Temple of Karnak

The Temple of Karnak or the temple of Amun at Karnak, is prepared of a series of break structures and holds that combine to form one huge building complex. Arriving at the temple, the believer passed the conventional tribune and proceeded down a sphinx-lined alley.  Extending out from the west position of the temple towards the Nile, this would have been the great temple catch from the 22nd  Dynasty onward. 

Before entering the temple, one passed through a great stone pylon. This structure, addressed the first pylon, was in
The Statue of King Ramses II in Karnak Temple
reality the last one constructed at the temple. The temple was spread into sections by a serials of nine more pylons, ten in total, creating an east/west axis, as well as a north/south axis.  The pylons today are looked from the west to the east (pylons 1-6) and then from the northern to the south (pylons 7-10).   This coming system does not represent the order of structure, as the earliest temple constructions are based behind the sixth pylon, and the temple extended outward through time from this core area.  Once past the first pylon, the visitor stood in one of the temple courtyards.  This open-air court, which accepts a colonnade and introduces a number of smaller structures, is called the “first court.” 

The first court led direct the second power pylon and into the hypostyle hall.  The hall has a central raised nave and is put up by a veritable forest of sandstone columns.  Its rear wall originally stood independently as the third pylon. Moving into the heart of the temple, one sunk a series of tall stone obelisks. Each of these four-sided columns was sliced from a single piece of granite and located at various important areas within and out the temple. The heart of Karnak lies in its asylum.  It is here, in the central-most part of the building, where the statue of the god Amun-Ra would have been housed and where the temple’s “daily ritual” took place.  The god’s image was stored inside a stone naos or shrine.  The immediate sanctuary would have also held rooms for the storage of great and precious cult equipment.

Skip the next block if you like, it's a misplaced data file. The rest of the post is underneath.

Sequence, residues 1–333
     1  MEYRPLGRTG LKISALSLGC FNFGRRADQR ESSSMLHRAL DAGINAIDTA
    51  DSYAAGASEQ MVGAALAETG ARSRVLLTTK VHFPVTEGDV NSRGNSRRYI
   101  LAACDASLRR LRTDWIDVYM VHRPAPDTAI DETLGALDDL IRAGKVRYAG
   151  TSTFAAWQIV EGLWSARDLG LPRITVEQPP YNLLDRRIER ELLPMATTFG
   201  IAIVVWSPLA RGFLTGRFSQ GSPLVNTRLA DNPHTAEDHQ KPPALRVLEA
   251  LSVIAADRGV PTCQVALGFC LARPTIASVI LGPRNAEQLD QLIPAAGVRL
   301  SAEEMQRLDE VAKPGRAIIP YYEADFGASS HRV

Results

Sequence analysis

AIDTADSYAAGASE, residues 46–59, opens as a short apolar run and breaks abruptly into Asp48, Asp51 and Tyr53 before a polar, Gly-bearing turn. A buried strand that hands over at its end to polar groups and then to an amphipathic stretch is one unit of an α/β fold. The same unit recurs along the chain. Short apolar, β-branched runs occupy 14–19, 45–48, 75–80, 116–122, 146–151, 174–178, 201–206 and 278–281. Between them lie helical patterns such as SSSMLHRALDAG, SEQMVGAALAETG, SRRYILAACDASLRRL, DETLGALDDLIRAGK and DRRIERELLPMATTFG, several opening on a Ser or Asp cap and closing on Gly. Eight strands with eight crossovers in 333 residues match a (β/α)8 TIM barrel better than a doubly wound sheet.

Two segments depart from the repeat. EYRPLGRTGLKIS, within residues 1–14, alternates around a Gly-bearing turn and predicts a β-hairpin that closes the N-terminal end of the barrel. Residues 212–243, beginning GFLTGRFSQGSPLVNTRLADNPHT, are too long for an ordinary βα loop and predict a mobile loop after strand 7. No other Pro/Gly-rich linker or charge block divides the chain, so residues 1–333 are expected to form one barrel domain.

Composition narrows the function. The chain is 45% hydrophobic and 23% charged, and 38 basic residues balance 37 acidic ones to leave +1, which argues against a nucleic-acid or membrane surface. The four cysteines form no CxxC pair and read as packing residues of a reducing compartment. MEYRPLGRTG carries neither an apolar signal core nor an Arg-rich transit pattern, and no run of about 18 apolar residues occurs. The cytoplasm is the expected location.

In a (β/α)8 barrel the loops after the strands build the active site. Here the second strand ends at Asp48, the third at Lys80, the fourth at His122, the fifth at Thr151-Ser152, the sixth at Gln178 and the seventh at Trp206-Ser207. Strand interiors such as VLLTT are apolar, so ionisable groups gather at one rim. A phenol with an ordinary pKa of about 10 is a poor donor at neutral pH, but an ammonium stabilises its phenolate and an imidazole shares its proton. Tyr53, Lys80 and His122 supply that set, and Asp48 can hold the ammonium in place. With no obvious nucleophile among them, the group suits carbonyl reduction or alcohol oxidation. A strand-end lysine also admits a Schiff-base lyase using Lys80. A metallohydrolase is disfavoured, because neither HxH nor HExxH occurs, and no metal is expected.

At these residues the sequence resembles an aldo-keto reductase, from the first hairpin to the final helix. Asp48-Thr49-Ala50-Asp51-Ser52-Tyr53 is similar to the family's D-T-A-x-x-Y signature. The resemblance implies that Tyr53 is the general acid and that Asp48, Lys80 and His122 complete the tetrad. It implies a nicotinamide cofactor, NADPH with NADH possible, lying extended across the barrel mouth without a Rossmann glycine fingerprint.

Karnak’s devoted lake graces the southern side of the temple.  This pool supplied water for cult uses and served as the location for special rituals with the god’s bark. To the south, the Karnak pylons create opposite main route to the temple.  This is its southern axis.  This axis was essential for the temple’s participation in festivals and processions.  This path led to the temple of the goddess Mut in south Karnak, and it also links Karnak with the temple of Luxor

Surrounding the temple and its many secondary constructions and shrines is an inclosure wall.  Made of layer upon layer of mud brick, the wall defined and maintained the sacred space from the profane. Huge stone gateways puncture the enclosure at a number of points along the wall. These gates provided access to the different axis routes and temples within the Karnak precinct. Gates would have been prepared with wooden doors, holding the access to various parts of the precinct and the temple proper. Many areas of the temple would have been open just to temple priests.